The Watchman - Netflix
The Watchman is Erick Stakelbeck who is a sought after authority on terrorism and national security issues with extensive experience in television, radio, and print media. Stakelbeck is the Director of the Christians United for Israel Watchman Project.
Type: Talk Show
Runtime: 30 minutes
The Watchman - Watchman Nee - Netflix
Watchman Nee, or Ni Tuosheng (Chinese: 倪柝声; pinyin: Ní Tuòshēng; November 4, 1903 – May 30, 1972), was a Chinese church leader and Christian teacher who worked in China during the 20th century. In 1922, he initiated church meetings in Fuzhou that may be considered the beginning of the local churches. During his thirty years of ministry, Nee published many books expounding the Bible. He established churches throughout China and held many conferences to train Bible students and church workers. Following the Communist Revolution, Nee was persecuted and imprisoned for his faith and spent the last twenty years of his life in prison. He was honored by Hon. Christopher H. Smith (R–NJ) in the US Congress on July 30, 2009.
The Watchman - The Plymouth Brethren connection - Netflix
Through Barber, Watchman Nee was introduced to the writings of D.M. Panton, Robert Govett, G.H. Pember, Jessie Penn-Lewis, T. Austin-Sparks, and others. In addition, he acquired books from Plymouth Brethren teachers like John Nelson Darby, William Kelly, and C.H. Mackintosh. Eventually, his personal library encompassed over three thousand titles on church history, spiritual growth, and Bible commentary, and he became intimately familiar with the Bible through diligent study using many different methods. In the early days of his ministry, he is said to have spent one-third of his income on personal needs, one-third to assist others, and the remaining third on spiritual books. He was known for his ability to select, comprehend, discern, and memorize relevant material, and grasp and retain the main points of a book while reading. Nee derived many of his ideas, including plural eldership, disavowal of a clergy-laity distinction, and worship centered around the Lord's Supper, from the Plymouth Brethren. From 1930 to 1935, his movement was associated internationally with the Raven-Taylor group of Exclusive Brethren (which in 2012 was renamed the Plymouth Brethren Christian Church), which “recognized” the Local Church movement as a parallel work of God, albeit one that had developed independently. Nee refused, however, to follow their practice of isolating themselves from other denominations, and rejected their ban on celebrating The Lord's Supper with other Christians. He also expressed concern about increasing authoritarianism in the Exclusive Brethren, and what he saw as the creeping concentration of power in the hands of James Taylor, Sr. Matters came to a head when it became known that Nee had worshipped with non-Brethren Christians like T. Austin Sparks during a 1933 visit to the United Kingdom, and with non-Brethren missionaries during a United States visit in 1935. Nee received a letter dated 31 August 1935, signed by leading Brethren, excommunicating him and his movement.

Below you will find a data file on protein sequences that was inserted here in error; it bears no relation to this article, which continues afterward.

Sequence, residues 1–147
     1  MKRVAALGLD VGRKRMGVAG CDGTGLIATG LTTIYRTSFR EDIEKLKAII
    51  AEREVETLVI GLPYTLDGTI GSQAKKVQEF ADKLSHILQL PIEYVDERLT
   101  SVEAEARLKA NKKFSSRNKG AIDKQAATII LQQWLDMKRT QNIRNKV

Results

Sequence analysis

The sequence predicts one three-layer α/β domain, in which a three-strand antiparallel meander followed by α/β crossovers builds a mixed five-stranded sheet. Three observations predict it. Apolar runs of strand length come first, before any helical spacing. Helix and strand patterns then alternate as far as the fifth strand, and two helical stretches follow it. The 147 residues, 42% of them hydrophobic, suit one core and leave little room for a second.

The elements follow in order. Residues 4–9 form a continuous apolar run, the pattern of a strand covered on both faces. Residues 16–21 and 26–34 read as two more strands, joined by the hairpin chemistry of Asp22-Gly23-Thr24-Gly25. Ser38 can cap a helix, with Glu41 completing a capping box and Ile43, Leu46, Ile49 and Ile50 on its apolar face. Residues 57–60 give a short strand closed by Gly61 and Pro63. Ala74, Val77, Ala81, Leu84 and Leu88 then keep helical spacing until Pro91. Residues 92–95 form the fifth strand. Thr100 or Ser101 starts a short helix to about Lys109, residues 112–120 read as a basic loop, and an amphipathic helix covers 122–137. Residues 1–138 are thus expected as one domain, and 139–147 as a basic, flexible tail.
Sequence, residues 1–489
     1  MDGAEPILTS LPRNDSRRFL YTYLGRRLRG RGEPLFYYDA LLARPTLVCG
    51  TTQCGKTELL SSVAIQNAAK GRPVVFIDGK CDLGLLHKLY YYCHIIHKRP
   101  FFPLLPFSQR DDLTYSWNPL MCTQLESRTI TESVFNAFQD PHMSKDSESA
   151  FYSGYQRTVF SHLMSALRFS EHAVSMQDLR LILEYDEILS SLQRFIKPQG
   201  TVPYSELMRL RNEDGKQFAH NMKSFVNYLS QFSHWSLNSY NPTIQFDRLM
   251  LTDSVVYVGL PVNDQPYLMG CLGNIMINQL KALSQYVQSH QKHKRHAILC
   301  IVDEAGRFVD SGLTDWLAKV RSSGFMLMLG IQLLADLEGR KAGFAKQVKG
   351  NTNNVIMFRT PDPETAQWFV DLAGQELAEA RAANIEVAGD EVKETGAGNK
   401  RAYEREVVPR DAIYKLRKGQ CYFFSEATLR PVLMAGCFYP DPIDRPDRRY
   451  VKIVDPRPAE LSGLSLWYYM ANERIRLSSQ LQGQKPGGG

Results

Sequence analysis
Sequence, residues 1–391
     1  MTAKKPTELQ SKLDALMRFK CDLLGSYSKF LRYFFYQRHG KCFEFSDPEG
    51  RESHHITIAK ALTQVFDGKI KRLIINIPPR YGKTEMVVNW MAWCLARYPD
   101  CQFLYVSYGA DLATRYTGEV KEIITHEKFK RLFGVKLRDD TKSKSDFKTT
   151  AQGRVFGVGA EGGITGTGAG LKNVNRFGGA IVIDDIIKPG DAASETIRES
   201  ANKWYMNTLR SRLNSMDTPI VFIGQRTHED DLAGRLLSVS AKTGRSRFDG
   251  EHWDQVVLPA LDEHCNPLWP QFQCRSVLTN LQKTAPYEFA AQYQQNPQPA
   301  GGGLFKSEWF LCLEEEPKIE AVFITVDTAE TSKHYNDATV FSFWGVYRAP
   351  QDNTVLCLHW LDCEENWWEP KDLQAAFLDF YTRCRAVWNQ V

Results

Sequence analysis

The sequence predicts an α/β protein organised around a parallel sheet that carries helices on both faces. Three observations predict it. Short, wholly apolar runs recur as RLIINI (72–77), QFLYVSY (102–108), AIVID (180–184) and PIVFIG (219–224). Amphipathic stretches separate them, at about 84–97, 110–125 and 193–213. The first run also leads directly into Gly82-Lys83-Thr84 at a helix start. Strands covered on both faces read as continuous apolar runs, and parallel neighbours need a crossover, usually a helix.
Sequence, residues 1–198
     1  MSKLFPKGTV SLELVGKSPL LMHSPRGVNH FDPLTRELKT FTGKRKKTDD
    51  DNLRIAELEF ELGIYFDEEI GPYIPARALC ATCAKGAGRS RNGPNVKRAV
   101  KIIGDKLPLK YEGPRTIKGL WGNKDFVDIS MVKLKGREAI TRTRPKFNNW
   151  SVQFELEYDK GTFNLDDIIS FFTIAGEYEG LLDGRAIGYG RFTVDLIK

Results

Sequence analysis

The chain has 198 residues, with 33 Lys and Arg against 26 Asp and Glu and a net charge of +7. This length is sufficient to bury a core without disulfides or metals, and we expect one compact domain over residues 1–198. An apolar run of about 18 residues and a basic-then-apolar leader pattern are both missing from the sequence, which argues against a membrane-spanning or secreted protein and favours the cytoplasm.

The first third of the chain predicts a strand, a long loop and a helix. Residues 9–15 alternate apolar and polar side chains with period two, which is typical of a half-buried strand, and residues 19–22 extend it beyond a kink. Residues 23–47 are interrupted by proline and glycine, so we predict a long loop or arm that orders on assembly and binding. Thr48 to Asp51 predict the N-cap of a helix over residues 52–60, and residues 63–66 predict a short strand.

The Watchman - References - Netflix